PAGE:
black walnut tree for free - how to harvest

50 feet tall, 10"-12" trunk at the ground, 7"-8" 15 feet up. Straight as an arrow. It's on the ground (blew over in a storm) and it's mine for the taking.
How do I go about harvesting the tree? I have a big ass bandsaw to cut it up. I've never done this before.
Thanks for the help.
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I recently bought Lonnie Bird's "The Bandsaw Book" in anticipation of getting a bandsaw for myself. It's got some information about milling raw logs. I skimmed over that section since it's not in my immediate future, but he built a sled to mill logs.
Hopefully you'll get some links to good info online.
-Greg Vaughn
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Bob wrote:>50 feet tall, 10"-12" trunk at the ground, 7"-8" 15 feet up. Straight as an

piece. Seems like there's the most desirable part. Build a sled to run the rest of it through your bandsaw. Figure for some quartersawn pieces! (Lucky dog!) Tom Work at your leisure!
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Bob writes:

If you want maximum yield, have a sawmill do the job.
The increased yield will more than offset the sawmill cost.
Lew
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With a tree that big, the pounds quickly become tons. This is not a job for an amateur. Here in Maine there are plenty of small sawmills that will be glad to load the tree on their truck, take to the mill, cut as directed and deliver the wood to you for drying. I had a similar situation six years ago, the wood is still under cover drying. Dave
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Agree - Unless your are equipped to handle it this might turn into a back and bandsaw breaker. If you are going to try it yourself get at least one able-bodied helper.
Check local yellow pages for saw mill or hardwood dealer. A dealer might be able to send you to an area sawmill. You might even find someone who can kiln dry it. Otherwise clear some space for long term air drying. The wife might not agree but at some point you might bring boards inside (good dry, heated basement?) for stacking. Remember, each board should stacked and spearated from others to allow air to reach all surfaces.

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bob said:

I'm no expert, but I have done a couple of trees in this fashion. With that in mind...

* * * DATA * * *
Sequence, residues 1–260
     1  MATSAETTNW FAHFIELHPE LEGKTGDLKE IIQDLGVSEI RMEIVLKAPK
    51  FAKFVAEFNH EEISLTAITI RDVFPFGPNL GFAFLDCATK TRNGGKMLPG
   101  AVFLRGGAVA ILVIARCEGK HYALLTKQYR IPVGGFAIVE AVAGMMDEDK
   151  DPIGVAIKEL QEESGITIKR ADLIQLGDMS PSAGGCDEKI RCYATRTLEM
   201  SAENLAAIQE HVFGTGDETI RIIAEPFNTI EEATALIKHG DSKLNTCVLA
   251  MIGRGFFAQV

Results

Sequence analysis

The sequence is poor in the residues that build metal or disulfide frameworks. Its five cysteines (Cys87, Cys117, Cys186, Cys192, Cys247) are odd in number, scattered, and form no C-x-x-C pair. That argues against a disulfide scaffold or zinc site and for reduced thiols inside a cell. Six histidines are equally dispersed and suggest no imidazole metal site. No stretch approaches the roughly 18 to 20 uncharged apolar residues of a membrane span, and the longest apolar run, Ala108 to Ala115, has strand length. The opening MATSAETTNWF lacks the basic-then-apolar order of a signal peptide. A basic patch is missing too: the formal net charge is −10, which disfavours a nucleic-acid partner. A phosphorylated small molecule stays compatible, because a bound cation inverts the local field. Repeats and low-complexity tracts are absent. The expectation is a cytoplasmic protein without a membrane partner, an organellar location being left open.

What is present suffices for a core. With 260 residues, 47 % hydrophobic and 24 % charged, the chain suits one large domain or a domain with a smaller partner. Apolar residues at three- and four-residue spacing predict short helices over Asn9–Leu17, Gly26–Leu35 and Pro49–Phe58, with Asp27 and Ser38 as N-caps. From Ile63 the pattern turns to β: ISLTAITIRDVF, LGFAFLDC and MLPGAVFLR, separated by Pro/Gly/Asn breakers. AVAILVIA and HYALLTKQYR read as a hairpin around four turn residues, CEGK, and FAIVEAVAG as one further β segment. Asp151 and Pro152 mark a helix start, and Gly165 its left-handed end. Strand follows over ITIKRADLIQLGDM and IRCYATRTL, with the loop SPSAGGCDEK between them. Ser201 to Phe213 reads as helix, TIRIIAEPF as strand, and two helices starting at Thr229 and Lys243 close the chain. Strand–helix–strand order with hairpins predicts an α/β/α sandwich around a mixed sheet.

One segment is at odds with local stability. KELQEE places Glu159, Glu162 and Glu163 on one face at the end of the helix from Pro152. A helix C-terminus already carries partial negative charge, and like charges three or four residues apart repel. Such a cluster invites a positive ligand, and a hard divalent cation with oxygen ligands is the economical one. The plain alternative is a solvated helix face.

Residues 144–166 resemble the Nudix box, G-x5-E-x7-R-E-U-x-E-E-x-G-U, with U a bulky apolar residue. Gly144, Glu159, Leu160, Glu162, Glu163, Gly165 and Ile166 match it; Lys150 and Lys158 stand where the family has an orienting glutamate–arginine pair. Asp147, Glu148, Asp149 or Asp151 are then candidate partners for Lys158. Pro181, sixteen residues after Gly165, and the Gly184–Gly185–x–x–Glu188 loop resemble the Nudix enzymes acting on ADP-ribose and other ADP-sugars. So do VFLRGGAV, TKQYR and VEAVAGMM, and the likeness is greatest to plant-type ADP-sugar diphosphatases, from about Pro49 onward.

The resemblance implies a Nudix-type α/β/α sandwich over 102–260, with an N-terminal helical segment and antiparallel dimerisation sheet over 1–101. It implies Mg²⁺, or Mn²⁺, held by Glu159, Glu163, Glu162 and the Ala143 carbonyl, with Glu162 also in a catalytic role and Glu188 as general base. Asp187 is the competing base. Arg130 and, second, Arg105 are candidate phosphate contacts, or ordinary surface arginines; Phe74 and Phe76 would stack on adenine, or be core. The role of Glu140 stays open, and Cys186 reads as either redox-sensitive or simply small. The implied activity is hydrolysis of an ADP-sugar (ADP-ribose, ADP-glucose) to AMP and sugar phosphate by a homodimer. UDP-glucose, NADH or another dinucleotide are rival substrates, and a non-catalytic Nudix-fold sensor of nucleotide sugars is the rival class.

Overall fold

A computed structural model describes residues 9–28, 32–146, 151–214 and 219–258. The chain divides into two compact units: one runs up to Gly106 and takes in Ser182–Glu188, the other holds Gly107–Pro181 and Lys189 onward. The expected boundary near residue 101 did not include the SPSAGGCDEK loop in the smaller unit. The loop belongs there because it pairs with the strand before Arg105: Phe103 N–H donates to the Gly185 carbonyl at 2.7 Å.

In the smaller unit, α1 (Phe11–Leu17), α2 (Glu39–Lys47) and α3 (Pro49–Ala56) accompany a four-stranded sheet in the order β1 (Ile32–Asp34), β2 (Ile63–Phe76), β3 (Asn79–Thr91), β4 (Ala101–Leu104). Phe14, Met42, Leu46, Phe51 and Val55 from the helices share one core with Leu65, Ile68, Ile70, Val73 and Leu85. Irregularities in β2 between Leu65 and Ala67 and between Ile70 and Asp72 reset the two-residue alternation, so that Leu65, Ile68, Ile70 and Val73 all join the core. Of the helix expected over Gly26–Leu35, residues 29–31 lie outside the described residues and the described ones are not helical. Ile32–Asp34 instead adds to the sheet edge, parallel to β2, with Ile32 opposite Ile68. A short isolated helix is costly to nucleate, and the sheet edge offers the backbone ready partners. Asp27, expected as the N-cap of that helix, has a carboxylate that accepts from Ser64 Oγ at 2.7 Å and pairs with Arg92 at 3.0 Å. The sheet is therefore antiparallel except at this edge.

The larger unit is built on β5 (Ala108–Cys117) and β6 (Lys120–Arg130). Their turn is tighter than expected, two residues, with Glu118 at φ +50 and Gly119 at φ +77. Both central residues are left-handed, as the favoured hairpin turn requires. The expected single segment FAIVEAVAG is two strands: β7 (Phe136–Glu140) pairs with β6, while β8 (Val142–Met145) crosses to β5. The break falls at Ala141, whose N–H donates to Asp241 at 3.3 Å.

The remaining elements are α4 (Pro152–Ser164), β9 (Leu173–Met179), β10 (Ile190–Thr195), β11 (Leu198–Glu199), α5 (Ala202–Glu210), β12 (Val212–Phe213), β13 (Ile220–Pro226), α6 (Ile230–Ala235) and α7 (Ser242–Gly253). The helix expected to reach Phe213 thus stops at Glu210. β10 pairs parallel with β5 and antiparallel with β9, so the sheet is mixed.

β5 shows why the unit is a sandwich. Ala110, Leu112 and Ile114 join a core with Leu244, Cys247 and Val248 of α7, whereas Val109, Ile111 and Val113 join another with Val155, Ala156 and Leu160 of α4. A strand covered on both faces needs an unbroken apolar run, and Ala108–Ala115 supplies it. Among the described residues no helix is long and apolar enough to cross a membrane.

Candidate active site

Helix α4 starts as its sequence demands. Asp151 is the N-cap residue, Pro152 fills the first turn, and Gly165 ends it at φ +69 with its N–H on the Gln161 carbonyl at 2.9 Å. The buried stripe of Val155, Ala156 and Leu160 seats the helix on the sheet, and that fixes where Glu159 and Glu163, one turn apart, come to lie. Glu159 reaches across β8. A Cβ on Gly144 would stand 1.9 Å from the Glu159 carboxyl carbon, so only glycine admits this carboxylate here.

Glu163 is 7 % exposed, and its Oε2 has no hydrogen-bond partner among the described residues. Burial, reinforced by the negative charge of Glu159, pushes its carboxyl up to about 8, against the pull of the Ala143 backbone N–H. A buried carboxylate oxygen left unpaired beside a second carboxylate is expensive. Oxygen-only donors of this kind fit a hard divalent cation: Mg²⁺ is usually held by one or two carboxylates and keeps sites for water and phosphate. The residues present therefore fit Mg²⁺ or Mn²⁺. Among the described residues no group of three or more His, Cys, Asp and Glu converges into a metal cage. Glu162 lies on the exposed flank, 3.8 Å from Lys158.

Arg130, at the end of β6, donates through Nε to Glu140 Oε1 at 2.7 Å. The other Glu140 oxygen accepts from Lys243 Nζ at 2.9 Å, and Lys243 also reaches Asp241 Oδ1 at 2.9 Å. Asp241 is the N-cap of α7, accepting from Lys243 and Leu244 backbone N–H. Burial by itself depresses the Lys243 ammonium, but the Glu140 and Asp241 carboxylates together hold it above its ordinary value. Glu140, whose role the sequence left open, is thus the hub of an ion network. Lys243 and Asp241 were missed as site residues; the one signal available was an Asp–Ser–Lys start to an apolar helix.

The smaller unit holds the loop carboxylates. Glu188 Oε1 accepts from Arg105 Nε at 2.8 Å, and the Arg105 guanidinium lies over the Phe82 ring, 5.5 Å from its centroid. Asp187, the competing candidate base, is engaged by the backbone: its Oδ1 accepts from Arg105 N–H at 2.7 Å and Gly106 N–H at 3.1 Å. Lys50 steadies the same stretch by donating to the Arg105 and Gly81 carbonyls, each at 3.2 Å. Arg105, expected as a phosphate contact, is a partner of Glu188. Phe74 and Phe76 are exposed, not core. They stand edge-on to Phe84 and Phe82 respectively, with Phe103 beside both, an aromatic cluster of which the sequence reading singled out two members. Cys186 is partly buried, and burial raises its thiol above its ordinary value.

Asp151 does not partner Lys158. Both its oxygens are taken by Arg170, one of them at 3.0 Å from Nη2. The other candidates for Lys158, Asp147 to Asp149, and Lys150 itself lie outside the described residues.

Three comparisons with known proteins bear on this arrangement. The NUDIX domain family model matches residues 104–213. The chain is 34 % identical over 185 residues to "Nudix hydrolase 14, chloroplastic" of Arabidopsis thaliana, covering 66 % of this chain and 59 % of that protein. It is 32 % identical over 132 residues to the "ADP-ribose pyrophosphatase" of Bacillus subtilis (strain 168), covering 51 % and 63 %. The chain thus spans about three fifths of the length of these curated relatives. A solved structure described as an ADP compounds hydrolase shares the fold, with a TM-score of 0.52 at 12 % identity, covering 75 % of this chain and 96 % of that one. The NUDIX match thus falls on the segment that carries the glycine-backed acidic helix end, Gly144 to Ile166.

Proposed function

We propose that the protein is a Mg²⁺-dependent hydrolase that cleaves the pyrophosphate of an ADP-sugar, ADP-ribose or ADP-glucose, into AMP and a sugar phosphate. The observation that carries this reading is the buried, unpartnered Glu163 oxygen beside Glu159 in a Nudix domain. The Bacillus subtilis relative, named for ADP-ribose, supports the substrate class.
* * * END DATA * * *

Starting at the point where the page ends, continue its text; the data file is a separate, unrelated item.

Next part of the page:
First of all, it's a lot of work! This stuff is HEAVY and unwieldy!
As soon as possible, within HOURS, you should coat all end-grain cuts with a sealer. I have been using paraffin dissolved in mineral spirits, but there are several commercial products on the market. They are rather pricey. From what I understand, latex paint is the least desirable product to use, but it is better than nothing. Asphalt/tar based roofing products are usable as well, but make a huge mess on your tools. This is necessary to reduce/eliminate cracking and checking of the wood. There is an interesting PDF available from the US Forestry Department (FPL-GTR-118) at: http://www.fpl.fs.fed.us/documnts/fplgtr/fplgtr118.pdf
These links change periodically, they just can't leave things alone...
Other interesting things to read at: http://www.fpl.fs.fed.us/new.html
So, after cutting the tree up into lengths to suit you, endcoat ASAP! Consider saving the lowest chunk near the rootball for turning purposes. Also, any Y's or large branches in the trunk. This is where you will find the most interesting burls. Then split the remaining sections into halves, preferably cutting exactly through the center - probably with a chainsaw, 'cause you ain't gettin these into a bandsaw. This is to reduce/stop the radial drying cracks.
After this is done, you can relax somewhat and cut the remainder at your leisure - within reason. Keep the cut sections out of the direct sun, off the ground, and watch for insects and fungi.
Make a jig that will hold the uneven lengths of trunk flat on the bandsaw. This can be as simple as a 2x6 screwed to the side of the log, shimmed with door shims to level and secure. Then with outfeed and infeed tables, cut these heavy suckers into planks with a good, clean 5/8 x 3TPI hook & steep-set raker blade. Timberwolf makes a good one designed for green wood. Ceramic blade guides seem to work well here, as they tend to rake the sap and muck from the blade while cutting - in addition to keeping the blade aligned and temperatures down.
Your method of cutting is up to you, you can try to read the grain and slab into the most desirable grain, but after you try cutting one of these, you'll probably be glad to just get it over with... ;-) Quarter-sawn, Flat-sawn, it's all up to you and how much effort you want to put into the job!
If the wood is of some value, you might consider using a commercial sawmill. They can do a good job much faster, and with less waste.
FWIW,
Greg G.
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Thanks for all the great tips. I have secured a pickup truck but no able bodied helper. Hopefully, I can lean and slide the logs into the truck. I do have a heated, humidity free basement that should be adequate for air drying. The owner informed me he already cut the trunk at the places I had pointed out that I would cut it. Damn, I hope he did it right. Oh well, it's free wood and it's walnut. Going over there Saturday with my chainsaw. I offered to clean up the residue in exchange for the wood.
Bob

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I have had several trees cut down on my property that I wanted to make into 1" thick boards. Turns out that there is a guy that has a portable saw mill in my area. He pulls it behind his pickup truck and charges a very reasonable rate. Look in the Yellow Pages or ask around the lumber yards or wood-working stores to find out if there is someone in your area who would do the same.
Rich Durkee
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